I think they are here to show a particular thing of interest, because they're all very similar. There is always a category for contexts whose pullbacks correspond to substitutions, there's always a functor that tells you the types under a certain context, etc., the only difference is that they are described in different perspectives. For example, in CwA you have display maps anyway, and if you start the definition with display maps you get a display map category. If you make some sets isomorphic to global sections of display maps you get a category with families.
In some context, as models of type theories, these constructions are all equivalent modulo technical details, because they are just different ways to describe the same thing. If your model lacks a property needed by the type theory, you'll have to add it, if your model has extra properties not needed by the type theory, it is better to ignore them because they may have consequences (for example, if you prove a theorem about your type theory using a cat model, it may not be true in your type theory but you proved it using the extra properties. You don't want that to happen). So essentially they're equivalent in this sense.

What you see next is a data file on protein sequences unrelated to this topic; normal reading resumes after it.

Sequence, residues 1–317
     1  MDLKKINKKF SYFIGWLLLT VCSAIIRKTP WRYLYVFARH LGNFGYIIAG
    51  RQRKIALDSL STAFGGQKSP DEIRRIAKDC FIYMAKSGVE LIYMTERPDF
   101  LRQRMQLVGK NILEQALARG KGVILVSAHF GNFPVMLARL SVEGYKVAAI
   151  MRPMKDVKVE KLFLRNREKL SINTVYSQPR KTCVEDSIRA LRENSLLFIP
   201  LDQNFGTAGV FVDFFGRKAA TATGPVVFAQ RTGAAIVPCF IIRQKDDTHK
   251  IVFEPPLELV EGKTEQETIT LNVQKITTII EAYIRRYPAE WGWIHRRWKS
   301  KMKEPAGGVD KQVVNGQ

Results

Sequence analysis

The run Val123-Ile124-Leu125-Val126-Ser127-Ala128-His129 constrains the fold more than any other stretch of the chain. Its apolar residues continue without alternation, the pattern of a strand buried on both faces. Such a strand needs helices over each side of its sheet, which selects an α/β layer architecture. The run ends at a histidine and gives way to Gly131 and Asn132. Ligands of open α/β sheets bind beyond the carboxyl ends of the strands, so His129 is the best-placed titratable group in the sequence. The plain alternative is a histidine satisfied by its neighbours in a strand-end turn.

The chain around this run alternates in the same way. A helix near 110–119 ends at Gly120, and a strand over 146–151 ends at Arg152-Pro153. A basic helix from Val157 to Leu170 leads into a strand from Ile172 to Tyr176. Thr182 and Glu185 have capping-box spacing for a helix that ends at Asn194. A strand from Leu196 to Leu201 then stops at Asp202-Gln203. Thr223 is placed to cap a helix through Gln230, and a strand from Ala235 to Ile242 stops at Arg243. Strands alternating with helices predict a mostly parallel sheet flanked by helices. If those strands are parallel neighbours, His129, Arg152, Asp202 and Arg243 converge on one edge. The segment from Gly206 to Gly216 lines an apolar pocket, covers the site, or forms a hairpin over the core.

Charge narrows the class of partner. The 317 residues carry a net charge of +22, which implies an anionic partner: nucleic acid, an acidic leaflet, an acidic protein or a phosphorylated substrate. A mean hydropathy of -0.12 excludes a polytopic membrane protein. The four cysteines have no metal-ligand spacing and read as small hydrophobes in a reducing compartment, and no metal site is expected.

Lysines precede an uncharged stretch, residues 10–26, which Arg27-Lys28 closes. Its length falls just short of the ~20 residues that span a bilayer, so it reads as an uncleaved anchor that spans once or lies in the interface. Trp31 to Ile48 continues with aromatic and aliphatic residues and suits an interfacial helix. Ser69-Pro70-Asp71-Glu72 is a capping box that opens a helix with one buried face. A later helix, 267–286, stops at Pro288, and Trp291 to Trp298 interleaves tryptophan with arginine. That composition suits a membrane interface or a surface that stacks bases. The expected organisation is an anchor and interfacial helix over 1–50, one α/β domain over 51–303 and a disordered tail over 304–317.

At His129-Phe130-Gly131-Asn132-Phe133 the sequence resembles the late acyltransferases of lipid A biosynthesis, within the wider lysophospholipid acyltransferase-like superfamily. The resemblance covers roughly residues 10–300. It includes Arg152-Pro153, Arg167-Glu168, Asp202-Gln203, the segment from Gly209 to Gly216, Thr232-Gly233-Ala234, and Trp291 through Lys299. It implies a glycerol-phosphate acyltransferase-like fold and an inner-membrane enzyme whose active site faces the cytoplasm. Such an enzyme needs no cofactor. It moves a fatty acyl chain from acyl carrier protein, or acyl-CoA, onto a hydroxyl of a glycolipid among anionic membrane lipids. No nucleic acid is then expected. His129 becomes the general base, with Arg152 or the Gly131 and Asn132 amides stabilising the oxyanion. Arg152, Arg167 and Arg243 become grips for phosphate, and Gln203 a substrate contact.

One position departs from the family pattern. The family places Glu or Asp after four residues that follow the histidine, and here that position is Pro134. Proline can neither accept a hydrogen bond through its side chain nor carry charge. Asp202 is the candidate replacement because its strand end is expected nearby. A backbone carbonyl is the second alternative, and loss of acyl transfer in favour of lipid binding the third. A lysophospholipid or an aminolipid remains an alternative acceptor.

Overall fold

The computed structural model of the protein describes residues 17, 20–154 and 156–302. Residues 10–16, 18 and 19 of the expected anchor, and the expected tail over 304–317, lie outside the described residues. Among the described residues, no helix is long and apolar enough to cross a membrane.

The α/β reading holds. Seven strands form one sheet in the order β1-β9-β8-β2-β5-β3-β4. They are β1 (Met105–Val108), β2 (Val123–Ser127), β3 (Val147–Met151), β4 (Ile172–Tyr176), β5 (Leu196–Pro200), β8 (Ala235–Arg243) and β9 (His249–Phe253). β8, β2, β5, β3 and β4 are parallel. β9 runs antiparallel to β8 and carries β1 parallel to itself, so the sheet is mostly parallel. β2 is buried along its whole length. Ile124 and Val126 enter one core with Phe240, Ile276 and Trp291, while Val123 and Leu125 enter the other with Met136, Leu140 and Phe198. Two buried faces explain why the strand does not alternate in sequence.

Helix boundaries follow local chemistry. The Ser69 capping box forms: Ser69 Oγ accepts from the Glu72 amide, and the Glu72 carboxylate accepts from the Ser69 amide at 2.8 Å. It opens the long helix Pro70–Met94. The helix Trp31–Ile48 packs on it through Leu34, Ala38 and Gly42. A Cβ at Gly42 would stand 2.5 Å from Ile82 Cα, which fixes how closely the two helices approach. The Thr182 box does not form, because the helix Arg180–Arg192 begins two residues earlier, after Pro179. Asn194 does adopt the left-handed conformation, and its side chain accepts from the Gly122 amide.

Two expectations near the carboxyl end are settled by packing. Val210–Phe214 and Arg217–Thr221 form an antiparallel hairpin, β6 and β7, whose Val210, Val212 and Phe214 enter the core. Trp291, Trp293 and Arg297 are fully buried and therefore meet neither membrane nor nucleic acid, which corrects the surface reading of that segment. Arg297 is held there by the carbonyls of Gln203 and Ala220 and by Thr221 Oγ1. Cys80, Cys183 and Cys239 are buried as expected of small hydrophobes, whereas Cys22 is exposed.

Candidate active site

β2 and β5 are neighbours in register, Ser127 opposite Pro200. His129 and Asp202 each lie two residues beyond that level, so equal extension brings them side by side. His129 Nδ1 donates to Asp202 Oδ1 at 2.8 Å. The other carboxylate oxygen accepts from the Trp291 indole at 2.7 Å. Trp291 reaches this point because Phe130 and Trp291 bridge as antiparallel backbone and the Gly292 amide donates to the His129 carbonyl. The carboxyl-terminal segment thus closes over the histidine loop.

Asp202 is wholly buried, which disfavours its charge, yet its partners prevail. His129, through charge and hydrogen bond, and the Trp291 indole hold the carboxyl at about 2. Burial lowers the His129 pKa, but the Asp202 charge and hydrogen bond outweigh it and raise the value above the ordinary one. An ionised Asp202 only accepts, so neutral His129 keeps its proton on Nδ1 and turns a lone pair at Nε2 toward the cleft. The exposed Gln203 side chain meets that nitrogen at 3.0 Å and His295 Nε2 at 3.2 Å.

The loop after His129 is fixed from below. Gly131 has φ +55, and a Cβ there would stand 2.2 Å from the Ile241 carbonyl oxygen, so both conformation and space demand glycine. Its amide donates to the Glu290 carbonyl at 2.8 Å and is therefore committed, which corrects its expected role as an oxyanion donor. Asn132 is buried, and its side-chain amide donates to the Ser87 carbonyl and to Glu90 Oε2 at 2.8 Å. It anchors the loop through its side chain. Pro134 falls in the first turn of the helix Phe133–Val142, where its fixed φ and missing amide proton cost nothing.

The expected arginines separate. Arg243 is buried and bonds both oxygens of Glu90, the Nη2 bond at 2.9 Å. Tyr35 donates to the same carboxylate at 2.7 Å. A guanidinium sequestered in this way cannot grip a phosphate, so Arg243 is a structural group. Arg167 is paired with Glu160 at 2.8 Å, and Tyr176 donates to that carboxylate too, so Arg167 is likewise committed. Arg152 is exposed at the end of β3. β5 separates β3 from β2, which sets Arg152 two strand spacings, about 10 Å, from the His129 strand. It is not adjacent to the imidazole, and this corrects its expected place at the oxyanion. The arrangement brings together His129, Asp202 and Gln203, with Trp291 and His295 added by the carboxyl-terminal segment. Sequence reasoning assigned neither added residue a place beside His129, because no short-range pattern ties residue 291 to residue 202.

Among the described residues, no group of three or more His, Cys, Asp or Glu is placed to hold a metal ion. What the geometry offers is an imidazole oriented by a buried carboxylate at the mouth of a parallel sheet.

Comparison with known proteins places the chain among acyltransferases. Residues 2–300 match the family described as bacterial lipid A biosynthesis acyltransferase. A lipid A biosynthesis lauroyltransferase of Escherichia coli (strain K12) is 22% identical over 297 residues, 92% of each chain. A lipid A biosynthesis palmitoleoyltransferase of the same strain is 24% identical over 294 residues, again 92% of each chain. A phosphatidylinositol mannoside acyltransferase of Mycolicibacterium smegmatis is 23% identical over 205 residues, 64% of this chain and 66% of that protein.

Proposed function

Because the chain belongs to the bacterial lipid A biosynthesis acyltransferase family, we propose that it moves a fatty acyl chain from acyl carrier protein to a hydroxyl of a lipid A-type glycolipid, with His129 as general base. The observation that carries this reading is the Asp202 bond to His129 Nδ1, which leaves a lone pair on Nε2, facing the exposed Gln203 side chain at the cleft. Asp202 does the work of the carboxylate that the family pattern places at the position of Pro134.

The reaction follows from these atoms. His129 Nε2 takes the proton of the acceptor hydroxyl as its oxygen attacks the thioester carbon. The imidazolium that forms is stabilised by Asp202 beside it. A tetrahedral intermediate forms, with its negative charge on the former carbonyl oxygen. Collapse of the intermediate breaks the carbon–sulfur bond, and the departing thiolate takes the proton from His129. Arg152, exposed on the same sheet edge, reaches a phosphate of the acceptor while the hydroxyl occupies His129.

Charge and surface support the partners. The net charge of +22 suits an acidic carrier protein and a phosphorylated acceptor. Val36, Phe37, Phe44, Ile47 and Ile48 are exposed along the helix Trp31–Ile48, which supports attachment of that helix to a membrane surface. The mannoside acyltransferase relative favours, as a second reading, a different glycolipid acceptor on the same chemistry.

The difference arise when you actually want to do something with the categorical structures themselves, and you can imagine that some definitions are convenient in some sense but not others, etc., so we tend to use the most convenient ones.